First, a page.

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I have had many people ask me what, exactly, is an Imperforate Anus as well as a Colostomy. Not many people are familiar with these terms. That’s okay, we have come across nurses unfamiliar with an Imperforate Anus.
Unfortunately we live in a society where talk about our bodily functions, especially anything concerning the health of our bowels is pretty much taboo. You may be surprised to discover exactly how many people wear ostomy bags.
Parker was born with quite the list of medical issues, an Imperforate Anus being one of them.
While an Imperforate Anus is not something that just babies with Down Syndrome can be born with, research tells us that of babies who are born with both Ds and an Imperforate Anus usually have a very good chance at obtaining bowel control because of the type of Imperforate Anus they tend to be born with.
Once Parker is healthy enough to withstand the rigors of a PSARP surgery, we hope to be able to take him to www.cchmc.org to have both the first and second part of the PSARP performed. The second part of the PSARP will include the reversal of Parker’s colostomy. It will be a very expensive surgery that our insurance will only pay a small ‘out of provider service area’ amount towards. We will have to pay the rest out of pocket.
People also ask us if Parker needs to even wear a diaper if he wears an ostomy bag to collect his stool in. The answer is Yes!. All the urine created by the bottles of Pediasure Parker drinks has to go into something. And we cloth diaper just in case you were wondering. MUCH cheaper than disposables.
An ostomy bag looks simply like:
This is the pouch and what we use to close the pouch off with.
Each bag costs around $3.00 each. I make sure that I have an emergency stash of ostomy supplies stashed away too. Ostomy supplies simply aren’t something you can dash out for in the middle of the night if you happen to run out.
Using my template I draw the proper size opening for Parker’s stoma fit inside of the pouch. You want a properly fitting pouch, trust me.
I cut out the area not needed. Then I set the pouch aside.
This is my secret weapon. This is a wipe that helps prepare the area that the pouch will be sticking to. It adds extra sticky and helps to insure that the pouch will adhere better. Again, very important.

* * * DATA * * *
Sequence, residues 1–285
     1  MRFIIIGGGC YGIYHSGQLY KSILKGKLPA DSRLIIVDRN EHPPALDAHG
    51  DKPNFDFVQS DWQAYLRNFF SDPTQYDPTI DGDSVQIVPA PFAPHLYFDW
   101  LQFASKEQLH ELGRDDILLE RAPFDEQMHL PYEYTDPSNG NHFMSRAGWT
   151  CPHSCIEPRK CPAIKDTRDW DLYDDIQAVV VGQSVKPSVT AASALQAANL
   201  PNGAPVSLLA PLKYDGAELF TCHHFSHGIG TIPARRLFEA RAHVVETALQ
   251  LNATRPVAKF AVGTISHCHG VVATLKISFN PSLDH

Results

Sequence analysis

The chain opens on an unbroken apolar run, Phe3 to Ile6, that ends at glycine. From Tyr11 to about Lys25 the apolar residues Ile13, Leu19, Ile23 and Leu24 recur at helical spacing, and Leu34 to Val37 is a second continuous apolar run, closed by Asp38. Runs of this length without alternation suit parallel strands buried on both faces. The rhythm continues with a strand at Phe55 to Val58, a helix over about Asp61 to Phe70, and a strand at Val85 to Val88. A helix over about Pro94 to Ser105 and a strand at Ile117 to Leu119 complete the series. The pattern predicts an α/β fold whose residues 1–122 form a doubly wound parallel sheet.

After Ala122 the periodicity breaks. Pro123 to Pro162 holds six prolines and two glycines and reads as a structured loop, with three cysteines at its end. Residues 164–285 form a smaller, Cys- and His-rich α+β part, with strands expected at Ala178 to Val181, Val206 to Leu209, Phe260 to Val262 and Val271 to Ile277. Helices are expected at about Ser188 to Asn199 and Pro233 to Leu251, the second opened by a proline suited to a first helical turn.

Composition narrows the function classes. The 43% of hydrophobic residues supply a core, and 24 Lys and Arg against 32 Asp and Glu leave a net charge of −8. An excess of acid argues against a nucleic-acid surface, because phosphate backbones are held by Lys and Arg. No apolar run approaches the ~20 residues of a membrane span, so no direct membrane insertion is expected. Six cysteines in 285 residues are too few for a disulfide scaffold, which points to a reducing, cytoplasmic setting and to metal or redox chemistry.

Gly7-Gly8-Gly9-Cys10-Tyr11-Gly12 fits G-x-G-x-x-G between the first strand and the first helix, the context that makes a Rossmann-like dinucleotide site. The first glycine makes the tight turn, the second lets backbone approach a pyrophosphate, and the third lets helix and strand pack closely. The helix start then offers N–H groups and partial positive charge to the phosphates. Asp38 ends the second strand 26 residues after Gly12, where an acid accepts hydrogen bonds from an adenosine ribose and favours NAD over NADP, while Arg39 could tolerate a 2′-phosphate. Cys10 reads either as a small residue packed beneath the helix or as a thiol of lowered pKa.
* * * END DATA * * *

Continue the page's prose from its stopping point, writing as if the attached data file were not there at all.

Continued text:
I then add the ‘stoma-hesive’ to the wafer opening. All the light brown part or wafer is sticky, but you really need a better seal than just the sticky, thus the stoma-hesive.
Adhere the pouch over the stoma and make sure it seals well over all the area of skin that it needs to, close it off and viola! a new ostomy bag has been placed.
We usually change Parker’s bag every other day. It seems like we always hit a few days a month were because of how active Parker is or any number of other reasons, we wind up needing to put on a new bag two or three times a DAY. Talk about expensive! We empty his bag several times a day. Our insurance company claims that a bag should last for up to a week. We disagree and feel that because we are so incredibly neurotic……..uh, I mean attentive to the care of Parker’s stoma and ostomy bag we have not had any of the many issues that can arise if the proper care isn’t given.
We have Parker’s cloth diapers custom made with a rise high enough to cover and help protect his stoma and ostomy bag. Some of his diapers make him look like a little old man who wears his pants half way up to his armpits. hee,hee
The rest of the pictures are for your viewing pleasure, cause we happen to think that Parker is the cutest 2.5 year old EVER!
You can still play sports while wearing an ostomy bag.
If you were to take a peek at Parker’s tush it would look totally like any other teeny tush. You’d never know just by looking that there was anything different at all.
Parker’s colostomy is on his left hand (your right hand) side.
Wow. This has been our longest post ever! We’re ‘xhausted. Off to take a nap!